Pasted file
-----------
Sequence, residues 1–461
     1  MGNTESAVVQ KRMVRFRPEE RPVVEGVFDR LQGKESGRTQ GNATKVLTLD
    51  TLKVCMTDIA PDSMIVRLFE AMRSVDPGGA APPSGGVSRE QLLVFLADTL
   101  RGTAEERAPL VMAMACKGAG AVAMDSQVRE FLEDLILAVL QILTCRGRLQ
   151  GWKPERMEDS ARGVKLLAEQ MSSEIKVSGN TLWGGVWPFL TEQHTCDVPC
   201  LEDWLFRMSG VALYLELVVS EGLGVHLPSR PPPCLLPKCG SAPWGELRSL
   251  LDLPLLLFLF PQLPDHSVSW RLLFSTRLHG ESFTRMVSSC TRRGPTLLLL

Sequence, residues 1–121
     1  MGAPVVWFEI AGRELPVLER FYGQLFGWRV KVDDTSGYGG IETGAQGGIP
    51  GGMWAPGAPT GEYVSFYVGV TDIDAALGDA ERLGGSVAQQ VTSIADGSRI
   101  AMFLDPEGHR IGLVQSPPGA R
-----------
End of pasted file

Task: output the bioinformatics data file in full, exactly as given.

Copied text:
Sequence, residues 1–461
     1  MGNTESAVVQ KRMVRFRPEE RPVVEGVFDR LQGKESGRTQ GNATKVLTLD
    51  TLKVCMTDIA PDSMIVRLFE AMRSVDPGGA APPSGGVSRE QLLVFLADTL
   101  RGTAEERAPL VMAMACKGAG AVAMDSQVRE FLEDLILAVL QILTCRGRLQ
   151  GWKPERMEDS ARGVKLLAEQ MSSEIKVSGN TLWGGVWPFL TEQHTCDVPC
   201  LEDWLFRMSG VALYLELVVS EGLGVHLPSR PPPCLLPKCG SAPWGELRSL
   251  LDLPLLLFLF PQLPDHSVSW RLLFSTRLHG ESFTRMVSSC TRRGPTLLLL

Sequence, residues 1–121
     1  MGAPVVWFEI AGRELPVLER FYGQLFGWRV KVDDTSGYGG IETGAQGGIP
    51  GGMWAPGAPT GEYVSFYVGV TDIDAALGDA ERLGGSVAQQ VTSIADGSRI
   101  AMFLDPEGHR IGLVQSPPGA R